Why This Matters:  This clean car rule is critical for our health, not just for climate change.  And it is good for our economy and for our national security, even during times when gas is cheap, to build cars that get more miles to the gallon.  We have the know-how -- why would we not want to build and drive the most advanced cars possible?  Mary Nichols, who runs the California agency that sets their car standard, has been working on cleaning our nation's polluted air for three decades and she has the law on her side. We are betting on California to prevail, but they will have to fight it out now.  It's gonna get ugly. 
Photo:  Chris Farmer/E&E News


Chief Joseph Dam on the Columbia River  Photo: U.S. Army Corps of Engineers

Spilling Water For Salmon

On Monday, a federal appeals court sided with conservation groups over the federal government and ruled that planned measures to help juvenile salmon survive must go forward.  A year ago, a federal district court judge ruled that federal dam managers on the Columbia and Snake Rivers have to meet higher water release (or "spill") requirements between April and mid-June when baby salmon are migrating to the ocean. The appeals court agreed with the lower court's finding that because the salmon are so endangered, the protections were warranted in order to increase the likelihood that the salmon make it through the dams. The more water that is released from the dams, however, the less that will be available for power generation and farming.  The new spill operations will begin on Tuesday at some dams on the Columbia and Snake Rivers, bringing much-needed protections for baby salmon migrating down the river now.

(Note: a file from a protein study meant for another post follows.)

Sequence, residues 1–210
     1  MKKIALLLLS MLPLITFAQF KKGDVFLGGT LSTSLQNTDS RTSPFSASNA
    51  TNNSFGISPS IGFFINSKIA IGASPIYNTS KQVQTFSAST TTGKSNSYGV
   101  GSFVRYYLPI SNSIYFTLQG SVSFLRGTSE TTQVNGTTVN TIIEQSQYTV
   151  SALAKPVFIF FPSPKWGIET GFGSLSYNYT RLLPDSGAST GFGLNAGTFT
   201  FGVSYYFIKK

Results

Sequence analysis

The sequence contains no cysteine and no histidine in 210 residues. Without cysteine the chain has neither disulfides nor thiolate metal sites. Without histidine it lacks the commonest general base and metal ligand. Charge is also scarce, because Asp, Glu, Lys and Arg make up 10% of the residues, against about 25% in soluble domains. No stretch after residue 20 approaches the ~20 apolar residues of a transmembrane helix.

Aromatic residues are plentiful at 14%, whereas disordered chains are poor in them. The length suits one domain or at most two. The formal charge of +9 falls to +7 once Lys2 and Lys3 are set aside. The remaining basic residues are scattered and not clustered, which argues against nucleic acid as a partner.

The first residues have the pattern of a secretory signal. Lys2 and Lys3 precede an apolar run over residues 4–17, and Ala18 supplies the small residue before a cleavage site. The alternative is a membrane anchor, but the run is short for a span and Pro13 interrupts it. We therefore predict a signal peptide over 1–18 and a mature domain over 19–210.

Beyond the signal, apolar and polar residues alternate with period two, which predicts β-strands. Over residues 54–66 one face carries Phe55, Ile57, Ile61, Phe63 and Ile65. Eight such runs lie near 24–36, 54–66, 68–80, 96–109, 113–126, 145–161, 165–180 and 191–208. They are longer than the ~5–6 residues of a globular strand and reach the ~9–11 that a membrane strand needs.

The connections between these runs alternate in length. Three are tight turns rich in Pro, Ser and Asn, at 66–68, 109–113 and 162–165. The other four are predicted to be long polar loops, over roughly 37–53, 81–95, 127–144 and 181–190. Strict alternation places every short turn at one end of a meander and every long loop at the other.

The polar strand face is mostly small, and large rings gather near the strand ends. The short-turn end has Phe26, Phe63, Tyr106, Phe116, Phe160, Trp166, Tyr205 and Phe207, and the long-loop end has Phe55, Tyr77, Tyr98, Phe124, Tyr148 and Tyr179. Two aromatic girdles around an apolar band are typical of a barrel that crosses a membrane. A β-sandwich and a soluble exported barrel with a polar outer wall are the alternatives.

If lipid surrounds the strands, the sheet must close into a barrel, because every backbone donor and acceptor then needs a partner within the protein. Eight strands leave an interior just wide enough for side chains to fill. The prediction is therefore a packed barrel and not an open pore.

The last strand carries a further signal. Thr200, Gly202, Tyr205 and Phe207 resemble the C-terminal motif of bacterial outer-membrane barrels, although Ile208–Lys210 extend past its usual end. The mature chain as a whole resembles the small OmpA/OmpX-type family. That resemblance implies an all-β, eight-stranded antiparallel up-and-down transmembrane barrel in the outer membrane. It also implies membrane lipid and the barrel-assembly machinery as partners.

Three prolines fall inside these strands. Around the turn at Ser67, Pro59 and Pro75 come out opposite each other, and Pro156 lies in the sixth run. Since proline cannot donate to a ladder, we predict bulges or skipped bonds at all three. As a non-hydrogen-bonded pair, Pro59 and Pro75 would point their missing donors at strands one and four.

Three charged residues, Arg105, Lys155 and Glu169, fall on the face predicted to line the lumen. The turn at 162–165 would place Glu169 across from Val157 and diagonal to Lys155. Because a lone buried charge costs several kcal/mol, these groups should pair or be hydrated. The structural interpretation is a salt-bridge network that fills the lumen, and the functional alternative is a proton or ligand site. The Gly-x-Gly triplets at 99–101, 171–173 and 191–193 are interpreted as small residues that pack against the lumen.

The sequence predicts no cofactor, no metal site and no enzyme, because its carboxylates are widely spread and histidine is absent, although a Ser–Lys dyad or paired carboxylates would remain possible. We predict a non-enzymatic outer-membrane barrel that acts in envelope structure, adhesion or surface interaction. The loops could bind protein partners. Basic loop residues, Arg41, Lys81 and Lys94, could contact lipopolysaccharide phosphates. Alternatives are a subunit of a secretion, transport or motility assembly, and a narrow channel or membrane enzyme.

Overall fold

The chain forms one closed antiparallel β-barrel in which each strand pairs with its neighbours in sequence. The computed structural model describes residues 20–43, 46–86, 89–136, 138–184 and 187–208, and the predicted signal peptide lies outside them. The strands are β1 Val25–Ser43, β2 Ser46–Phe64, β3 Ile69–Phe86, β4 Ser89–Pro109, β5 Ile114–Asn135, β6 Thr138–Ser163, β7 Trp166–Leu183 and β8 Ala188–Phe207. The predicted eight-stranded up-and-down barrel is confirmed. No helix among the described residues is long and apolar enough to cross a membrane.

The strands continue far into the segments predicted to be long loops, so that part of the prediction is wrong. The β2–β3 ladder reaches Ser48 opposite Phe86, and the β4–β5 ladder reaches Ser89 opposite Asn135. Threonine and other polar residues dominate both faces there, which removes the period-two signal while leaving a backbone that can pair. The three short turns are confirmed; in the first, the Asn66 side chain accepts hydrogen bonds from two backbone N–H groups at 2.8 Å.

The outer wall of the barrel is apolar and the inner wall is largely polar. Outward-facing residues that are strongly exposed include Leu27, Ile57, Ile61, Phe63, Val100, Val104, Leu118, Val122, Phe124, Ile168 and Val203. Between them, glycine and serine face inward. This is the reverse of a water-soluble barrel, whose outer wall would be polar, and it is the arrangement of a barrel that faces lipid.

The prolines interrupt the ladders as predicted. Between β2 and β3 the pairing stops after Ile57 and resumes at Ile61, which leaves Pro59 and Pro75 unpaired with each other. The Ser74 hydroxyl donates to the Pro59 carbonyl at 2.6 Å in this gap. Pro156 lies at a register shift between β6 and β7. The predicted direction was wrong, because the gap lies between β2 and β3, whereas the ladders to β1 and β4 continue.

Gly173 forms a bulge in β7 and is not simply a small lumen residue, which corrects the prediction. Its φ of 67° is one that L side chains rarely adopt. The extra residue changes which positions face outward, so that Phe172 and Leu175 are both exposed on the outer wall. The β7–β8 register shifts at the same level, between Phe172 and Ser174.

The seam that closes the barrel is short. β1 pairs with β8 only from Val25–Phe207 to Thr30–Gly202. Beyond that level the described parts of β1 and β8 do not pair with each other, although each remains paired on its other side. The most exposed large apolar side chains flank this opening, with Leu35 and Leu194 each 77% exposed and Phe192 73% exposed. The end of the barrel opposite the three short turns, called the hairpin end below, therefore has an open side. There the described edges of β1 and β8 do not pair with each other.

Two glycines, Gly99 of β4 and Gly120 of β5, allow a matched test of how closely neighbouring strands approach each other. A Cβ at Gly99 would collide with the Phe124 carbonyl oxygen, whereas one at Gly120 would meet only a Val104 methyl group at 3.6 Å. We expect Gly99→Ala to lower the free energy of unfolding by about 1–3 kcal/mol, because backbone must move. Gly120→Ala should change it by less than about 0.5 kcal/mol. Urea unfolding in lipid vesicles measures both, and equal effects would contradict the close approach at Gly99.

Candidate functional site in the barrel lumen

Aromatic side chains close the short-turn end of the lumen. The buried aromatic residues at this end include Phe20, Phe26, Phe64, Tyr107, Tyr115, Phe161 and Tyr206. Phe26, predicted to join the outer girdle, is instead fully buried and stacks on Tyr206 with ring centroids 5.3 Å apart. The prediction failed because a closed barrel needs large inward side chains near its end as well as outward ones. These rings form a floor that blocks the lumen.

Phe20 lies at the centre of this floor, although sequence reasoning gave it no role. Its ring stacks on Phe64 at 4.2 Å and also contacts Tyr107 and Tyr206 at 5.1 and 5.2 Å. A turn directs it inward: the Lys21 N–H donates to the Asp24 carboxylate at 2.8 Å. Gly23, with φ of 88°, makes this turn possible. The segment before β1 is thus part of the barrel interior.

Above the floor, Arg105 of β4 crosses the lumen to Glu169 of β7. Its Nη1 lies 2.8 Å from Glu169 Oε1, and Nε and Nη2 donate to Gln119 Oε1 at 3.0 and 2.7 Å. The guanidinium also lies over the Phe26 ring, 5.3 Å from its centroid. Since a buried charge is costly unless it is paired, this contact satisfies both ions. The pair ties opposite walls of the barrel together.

The decision was cheered by the environmental groups who have sued the government for years to protect the highly endangered fish.  "After more than 20 years of federal failure, salmon are in desperate need of help now," Todd True, an Earthjustice attorney involved in the case, said in a statement. "The measures the court upheld will give salmon a fighting chance while the federal government catches up to the scale and urgency of what the law requires to protect these fish from extinction."